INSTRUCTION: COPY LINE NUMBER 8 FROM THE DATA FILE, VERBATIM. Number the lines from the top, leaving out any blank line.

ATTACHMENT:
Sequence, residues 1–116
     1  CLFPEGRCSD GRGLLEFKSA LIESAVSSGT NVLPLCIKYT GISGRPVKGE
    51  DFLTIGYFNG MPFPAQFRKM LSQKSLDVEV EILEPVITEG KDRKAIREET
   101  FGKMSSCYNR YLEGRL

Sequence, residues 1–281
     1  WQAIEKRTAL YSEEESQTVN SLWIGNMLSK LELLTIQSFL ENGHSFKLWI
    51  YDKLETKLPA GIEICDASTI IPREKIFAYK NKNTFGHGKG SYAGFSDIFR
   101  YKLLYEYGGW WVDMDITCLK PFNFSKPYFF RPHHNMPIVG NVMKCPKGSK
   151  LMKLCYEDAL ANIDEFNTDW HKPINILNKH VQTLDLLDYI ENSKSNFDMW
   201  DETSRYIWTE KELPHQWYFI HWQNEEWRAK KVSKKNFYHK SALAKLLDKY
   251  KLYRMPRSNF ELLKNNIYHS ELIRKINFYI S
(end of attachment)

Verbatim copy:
   101  YKLLYEYGGW WVDMDITCLK PFNFSKPYFF RPHHNMPIVG NVMKCPKGSK